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You Can’t Fight Bilbao’s City Hall: Calatrava Loses Lawsuit

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Doesn’t being a starchitect count for anything these days? Apparently not, at least in Spain anyway. Architectural Record is reporting that big shot Santiago Calatrava has lost his lawsuit against the city of Bilbao for mucking up a bridge he’d designed by tacking on a new walkway leading up to it, thus skipping Calatrava’s stairs and making it easier for people to get across (apparently, we’re figuring, the architect really hates people in wheelchairs). He fought tough, saying that the bridge was a work of his artistic creation and, like the Mona Lisa, no one should be sticking a stretch of pavement right through it. He was extra offended that they didn’t even tell him their expansion plans from the get-go. But in the end, his superstar status didn’t play and the Spanish government shot down his suit, thus going against their decade old intellectual property law, at least to some degree. Here’s a bit:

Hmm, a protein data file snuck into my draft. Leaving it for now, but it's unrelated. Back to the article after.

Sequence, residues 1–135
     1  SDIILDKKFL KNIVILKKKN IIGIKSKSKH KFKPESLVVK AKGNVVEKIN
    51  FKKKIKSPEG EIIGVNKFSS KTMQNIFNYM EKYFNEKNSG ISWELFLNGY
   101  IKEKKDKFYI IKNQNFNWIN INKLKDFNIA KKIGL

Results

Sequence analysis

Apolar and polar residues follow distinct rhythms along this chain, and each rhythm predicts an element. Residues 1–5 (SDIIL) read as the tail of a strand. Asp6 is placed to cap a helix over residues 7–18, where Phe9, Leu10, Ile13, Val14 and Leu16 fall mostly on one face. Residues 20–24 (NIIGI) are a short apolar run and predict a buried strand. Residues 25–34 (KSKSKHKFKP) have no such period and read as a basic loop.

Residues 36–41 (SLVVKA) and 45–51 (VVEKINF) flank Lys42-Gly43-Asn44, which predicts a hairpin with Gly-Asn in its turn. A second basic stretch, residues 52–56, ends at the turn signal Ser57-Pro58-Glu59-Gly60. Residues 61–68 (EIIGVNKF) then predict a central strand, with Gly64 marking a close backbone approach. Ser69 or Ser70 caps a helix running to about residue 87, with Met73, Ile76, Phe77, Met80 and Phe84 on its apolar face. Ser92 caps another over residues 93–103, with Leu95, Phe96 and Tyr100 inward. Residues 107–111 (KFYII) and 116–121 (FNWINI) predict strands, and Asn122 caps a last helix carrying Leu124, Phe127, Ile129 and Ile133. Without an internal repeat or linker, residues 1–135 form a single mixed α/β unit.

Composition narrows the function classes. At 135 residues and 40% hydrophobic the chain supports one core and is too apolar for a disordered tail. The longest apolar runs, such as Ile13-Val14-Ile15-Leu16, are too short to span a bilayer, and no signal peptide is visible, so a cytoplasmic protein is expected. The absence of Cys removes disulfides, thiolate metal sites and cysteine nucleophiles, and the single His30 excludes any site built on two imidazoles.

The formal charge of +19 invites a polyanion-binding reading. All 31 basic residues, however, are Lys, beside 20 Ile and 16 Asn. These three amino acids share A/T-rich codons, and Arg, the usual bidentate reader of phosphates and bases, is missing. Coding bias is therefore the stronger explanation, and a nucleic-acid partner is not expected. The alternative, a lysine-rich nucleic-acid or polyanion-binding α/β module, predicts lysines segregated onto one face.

In his ruling, judge Edmundo Rodriguez Achutegui recognized that Calatrava’s rights as author of the bridge had been infringed, but he ruled that the public utility of the addition took precedence over this private right. “In addition to constituting a singular artistic creation suitable for protection, the work is public one, offering a service to the citizens, and thus satisfies a public interest,” he said. “If we weigh these interests, the public must prevail over the private.”

We gotta say that we’re at a draw with putting any blame on this one. First, because Calatrava should have known better than to use just stairs on a public, government-financed bridge. But on the other hand, they really should have told him before they just stuck the thing on there. That’s sort of like calling Frank Lloyd Wright to say, “Hey, we just re-routed that stupid stream running through Fallingwater. Figured you didn’t ever really want it there in the first place because, you know, it was so wet and stuff.”

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